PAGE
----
We use longitudinal data from a representative sample of the UK and compare self-reported mental health, as measured by the GHQ-12 score, at three timepoints (2017–2019, April 2020 and March 2021), for the whole sample and by sex and ethnicity. Out of the 14,382 individuals interviewed in 2017–2019 and April 2020, 10,445 were interviewed again in March 2021. The mean GHQ-12 in April 2020 is 12.37 [95% CI: 12.22, 12.52] and in March 2021 is 12.36 [95% CI: 12.21, 12.51], above that of 2017–2019: 11.13 [95% CI: 10.99, 11.26]. We do not find evidence that the level of mental health goes back to pre-pandemic levels. In terms of inequalities, while the gender gap (mean difference between women and men) in mental health deterioration among White British is closing, there is no clear evidence that the ethnic gap (mean difference between ethnic minorities and White British) among men is changing.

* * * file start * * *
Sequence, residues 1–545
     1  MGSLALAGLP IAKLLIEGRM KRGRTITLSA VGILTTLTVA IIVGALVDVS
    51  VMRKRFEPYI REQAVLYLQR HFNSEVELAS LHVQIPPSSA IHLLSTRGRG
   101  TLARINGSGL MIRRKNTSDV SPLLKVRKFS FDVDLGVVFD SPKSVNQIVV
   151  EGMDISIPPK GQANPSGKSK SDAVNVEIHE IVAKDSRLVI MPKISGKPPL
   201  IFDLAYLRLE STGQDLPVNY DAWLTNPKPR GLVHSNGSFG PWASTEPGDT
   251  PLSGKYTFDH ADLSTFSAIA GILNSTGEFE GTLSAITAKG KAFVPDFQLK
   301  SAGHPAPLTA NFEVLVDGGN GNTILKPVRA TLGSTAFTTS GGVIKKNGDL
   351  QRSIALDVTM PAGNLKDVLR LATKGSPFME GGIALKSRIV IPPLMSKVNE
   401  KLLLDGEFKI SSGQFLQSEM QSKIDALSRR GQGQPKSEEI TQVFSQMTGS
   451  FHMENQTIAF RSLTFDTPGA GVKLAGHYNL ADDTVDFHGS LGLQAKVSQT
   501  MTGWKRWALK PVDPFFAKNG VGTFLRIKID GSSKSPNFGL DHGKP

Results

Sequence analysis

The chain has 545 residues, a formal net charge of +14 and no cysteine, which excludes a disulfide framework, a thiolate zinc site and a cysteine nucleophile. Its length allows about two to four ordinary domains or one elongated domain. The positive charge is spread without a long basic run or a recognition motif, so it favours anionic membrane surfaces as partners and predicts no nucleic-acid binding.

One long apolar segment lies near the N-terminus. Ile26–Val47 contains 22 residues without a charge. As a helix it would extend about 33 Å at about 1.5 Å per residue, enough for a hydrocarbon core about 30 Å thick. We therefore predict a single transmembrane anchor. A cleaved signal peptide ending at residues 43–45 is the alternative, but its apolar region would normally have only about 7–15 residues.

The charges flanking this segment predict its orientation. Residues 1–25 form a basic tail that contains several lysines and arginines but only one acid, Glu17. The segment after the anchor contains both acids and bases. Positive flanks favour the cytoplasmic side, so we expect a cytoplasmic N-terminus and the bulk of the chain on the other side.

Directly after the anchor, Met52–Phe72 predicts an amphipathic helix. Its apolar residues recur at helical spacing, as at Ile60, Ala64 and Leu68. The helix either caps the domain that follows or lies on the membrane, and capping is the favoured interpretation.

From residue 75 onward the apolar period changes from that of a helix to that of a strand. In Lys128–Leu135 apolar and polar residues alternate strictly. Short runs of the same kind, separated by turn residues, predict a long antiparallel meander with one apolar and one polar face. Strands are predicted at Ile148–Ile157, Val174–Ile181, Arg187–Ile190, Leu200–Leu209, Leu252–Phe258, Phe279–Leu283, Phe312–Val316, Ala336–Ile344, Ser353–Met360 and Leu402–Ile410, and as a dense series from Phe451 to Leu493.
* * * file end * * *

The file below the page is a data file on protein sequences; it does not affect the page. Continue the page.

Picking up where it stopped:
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Quintana-Domeque, C. & Proto, E. 2022, 'On the persistence of mental health deterioration during the COVID-19 pandemic by sex and ethnicity in the UK: evidence from understanding society', BE Journal of Economic Analysis and Policy. https://doi.org/10.1515/bejeap-2021-0394

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Last updated: 03 September 2022
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